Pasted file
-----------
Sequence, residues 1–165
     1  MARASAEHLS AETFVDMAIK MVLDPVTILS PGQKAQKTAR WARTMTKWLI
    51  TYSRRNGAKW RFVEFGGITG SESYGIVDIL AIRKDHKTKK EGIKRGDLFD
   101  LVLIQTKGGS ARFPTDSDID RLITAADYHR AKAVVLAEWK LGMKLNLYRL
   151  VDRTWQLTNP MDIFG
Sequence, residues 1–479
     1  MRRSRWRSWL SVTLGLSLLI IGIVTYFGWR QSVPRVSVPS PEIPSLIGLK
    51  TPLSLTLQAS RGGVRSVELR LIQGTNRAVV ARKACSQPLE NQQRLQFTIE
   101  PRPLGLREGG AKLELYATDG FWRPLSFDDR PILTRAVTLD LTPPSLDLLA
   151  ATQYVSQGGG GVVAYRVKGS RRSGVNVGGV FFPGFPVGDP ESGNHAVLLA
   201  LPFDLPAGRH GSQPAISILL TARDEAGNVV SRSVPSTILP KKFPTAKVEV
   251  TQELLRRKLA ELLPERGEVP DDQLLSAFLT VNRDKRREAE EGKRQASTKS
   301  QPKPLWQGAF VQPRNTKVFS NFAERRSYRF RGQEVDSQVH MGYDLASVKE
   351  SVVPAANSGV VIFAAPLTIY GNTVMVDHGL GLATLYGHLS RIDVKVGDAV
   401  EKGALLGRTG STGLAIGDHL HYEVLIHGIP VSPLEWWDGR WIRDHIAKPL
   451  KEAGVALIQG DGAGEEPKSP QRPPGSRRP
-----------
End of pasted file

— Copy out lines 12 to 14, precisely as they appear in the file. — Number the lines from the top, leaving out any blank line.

   251  TQELLRRKLA ELLPERGEVP DDQLLSAFLT VNRDKRREAE EGKRQASTKS
   301  QPKPLWQGAF VQPRNTKVFS NFAERRSYRF RGQEVDSQVH MGYDLASVKE
   351  SVVPAANSGV VIFAAPLTIY GNTVMVDHGL GLATLYGHLS RIDVKVGDAV